When your bladder is stronger, in about 2 months if you follow Gaps, start taking Aloe Vera, L-Glutamine. Both of these put back the GAG lining in the bladder. Cheyenne capsules speed up the healing in the Bladder. NO JOKE!

    Also you must DETOX
    You Must do Pelvic Floors Exercise – NO Kegal exercises this causes the bladder to spasm.

    Keep reading and researching – do not STOP!
    Start reading about Herbal Antibiotics like Oil of Oregano, Olive Leaf and Berberine.

    We who do self care – heal through diet and supplements.

    Forgive me but your vegetarian diet is hurting you right now. You need BONE Broth and Gelatin. Both of these work like speckle on the digestive track. You have Leaky Gut and Bacteria OverGrowth which causes and Auto immune response on the body, this is what effects the bladder. All disease begins in the GUT. The bladder is the canary in the Coal Mine.

    If we have IC we are in Adrenal Fatigue as well, diet and adrenal support for a YEAR will heal you as it is healing ME!
    Find Adrenal support with no Vit-B.

    God Bless…..and God Speed to heal. I know how you feel! I am no meds for 3 months and no Dr. helped me. I did this by research, reading, diet and supplements. You can too. I followed blogs and read.

  • Reply

    Cara

    May 11, 2018

    Hi there! Thank you so much for postinf all of this. I’ve been trying to heal my bladder for 9 months in addition to having IBS/SIBO/CANDIDA insanity for the better part of 7 years. My gut wad so close to being healed until a major emotional loss this year. I get so close to healing the bladder, with symptoms improving, but then if I get scared or stressed it sets me off hardcore and Im back where I started. my question is mainly about bone broth. I tried it awhile ago but it gave me a horrific metallic taste in my mouth and then once it hit my bladder it singed and burned so painfully. Any idea as to what that’s about? Ive also found the metallic taste with my most recent flare. It’s so weird to experience it. I feel so overwhelmed.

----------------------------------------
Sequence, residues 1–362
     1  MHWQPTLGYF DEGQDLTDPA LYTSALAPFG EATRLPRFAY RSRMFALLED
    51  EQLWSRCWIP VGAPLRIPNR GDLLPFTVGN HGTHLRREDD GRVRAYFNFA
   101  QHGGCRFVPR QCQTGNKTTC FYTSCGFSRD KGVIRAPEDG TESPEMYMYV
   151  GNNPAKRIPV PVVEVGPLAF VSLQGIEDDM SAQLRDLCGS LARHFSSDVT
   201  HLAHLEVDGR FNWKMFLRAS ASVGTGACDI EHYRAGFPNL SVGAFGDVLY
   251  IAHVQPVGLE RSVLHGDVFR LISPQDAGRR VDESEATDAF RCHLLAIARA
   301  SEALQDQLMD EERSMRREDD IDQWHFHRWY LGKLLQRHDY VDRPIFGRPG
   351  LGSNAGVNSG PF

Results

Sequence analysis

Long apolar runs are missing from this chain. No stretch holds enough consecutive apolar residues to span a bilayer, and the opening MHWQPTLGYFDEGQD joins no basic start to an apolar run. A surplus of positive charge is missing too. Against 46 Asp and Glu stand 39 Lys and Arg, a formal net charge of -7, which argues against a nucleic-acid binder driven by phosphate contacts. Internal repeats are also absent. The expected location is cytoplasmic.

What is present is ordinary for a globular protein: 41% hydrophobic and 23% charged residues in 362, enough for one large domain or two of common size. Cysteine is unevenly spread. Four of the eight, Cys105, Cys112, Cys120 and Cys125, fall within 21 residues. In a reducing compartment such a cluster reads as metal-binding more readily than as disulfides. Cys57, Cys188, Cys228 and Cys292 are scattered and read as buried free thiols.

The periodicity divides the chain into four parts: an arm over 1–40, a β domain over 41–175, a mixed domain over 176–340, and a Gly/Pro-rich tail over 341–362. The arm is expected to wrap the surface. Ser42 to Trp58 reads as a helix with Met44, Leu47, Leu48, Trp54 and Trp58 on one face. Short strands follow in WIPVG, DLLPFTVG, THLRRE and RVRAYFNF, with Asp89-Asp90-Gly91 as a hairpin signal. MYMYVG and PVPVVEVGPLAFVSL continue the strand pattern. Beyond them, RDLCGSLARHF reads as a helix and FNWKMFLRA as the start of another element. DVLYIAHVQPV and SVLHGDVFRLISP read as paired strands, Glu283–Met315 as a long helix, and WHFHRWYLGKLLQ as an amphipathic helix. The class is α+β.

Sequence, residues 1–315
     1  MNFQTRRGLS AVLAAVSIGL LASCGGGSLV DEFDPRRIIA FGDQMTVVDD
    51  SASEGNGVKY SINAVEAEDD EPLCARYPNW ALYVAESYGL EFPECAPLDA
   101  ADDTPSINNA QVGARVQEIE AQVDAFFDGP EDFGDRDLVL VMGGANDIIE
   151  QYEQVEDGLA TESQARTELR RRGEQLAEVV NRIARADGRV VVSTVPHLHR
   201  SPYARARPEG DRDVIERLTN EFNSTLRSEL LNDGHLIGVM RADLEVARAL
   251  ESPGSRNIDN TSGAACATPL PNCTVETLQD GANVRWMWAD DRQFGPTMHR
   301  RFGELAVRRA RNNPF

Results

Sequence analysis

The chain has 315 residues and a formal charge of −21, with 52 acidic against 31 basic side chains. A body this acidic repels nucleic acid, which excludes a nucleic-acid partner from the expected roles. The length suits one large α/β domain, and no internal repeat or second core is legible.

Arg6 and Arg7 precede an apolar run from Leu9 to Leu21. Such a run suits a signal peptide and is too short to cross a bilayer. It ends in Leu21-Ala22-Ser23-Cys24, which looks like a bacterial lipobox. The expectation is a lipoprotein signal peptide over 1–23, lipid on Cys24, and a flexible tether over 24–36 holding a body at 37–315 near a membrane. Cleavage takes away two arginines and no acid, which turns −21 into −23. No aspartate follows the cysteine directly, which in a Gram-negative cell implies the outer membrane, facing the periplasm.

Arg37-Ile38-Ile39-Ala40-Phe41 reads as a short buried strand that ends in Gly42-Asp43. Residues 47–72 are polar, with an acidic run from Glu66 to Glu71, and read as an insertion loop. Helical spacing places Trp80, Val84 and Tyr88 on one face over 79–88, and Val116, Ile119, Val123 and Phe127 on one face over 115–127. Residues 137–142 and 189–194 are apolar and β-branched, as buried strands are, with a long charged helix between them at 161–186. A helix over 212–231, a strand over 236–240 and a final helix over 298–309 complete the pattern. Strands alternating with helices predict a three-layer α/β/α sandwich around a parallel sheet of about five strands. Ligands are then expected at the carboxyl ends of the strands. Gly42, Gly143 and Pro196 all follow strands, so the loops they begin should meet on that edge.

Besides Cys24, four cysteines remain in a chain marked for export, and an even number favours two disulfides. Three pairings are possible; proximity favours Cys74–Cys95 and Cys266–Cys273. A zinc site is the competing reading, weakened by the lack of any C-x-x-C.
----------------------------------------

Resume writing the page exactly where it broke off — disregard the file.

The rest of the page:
I’m in horrific withdrawal from antidepressants that were hurting me, and I’ve heard that they can really warp your system on the way out, even tapering over two years, like I did. Is this a systemic detox reaction?

    Thanks,
    Cara

    • Reply

      Layla

      May 11, 2018

      Metallic taste in mouth can be associated with a few things. With regards to medication an article from Cleveland clinic states: ‘Prescription drugs – These medicines include antibiotics such as tetracycline; the gout medicine allopurinol; lithium, which is used to treat certain psychiatric conditions; and some cardiac medications. Your body absorbs the medicine and it comes out in the saliva. Also, medicines that can cause a dry mouth, such as antidepressants, can be a culprit. These can affect your taste because they close your taste buds.’
      Apart from that it can be associated with too high amounts of certain minerals, for example copper and heavy metals. It has been found that bone broth from animals that had been exposed to heavy metals also contained heavy metals like lead. I would stop consuming the bone broth or try using bones from only grass-fed, organic animals and see if this has the same effect. If the taste persists I would also recommend seeing your doctor about it.

  • Reply

    Erica Rohrer

    June 11, 2018

    I’m having almost the exact same experience as “Mary” did, one of the other commenters, except I was on 5 rounds of antibiotics (macrobid and keflex were 2 of the 5). I am seeing a urologist who has diagnosed me with overactive bladder. She prescribed me Detrol with no relief. I’m on oxybutynin now and starting to get some relief. I have absolutely no burning, no pain, no incontinance, no leaking. JUST The urge to go about every 20 mins with the pressure as well. I’m just not convinced I have overactive bladder. I’m 35 and I only had one UTI in my life prior to this one that I’m referring to. The medicine (in my opinion) is putting a band-aid over the symptom, not getting to the “root” of the problem. Any suggestions for me?? I take a daily vitamin, pre and pro biotics. I’ve cut out alcohol and coffee, and I mainly drink water (never drink soda). Thanks for any guidance!

    • Reply

      Layla

      June 11, 2018

      Hi Erica,
      Studies have shown that people with overactive bladder tend to have an imbalance of the microbes living in the bladder. Have you had urine testing done?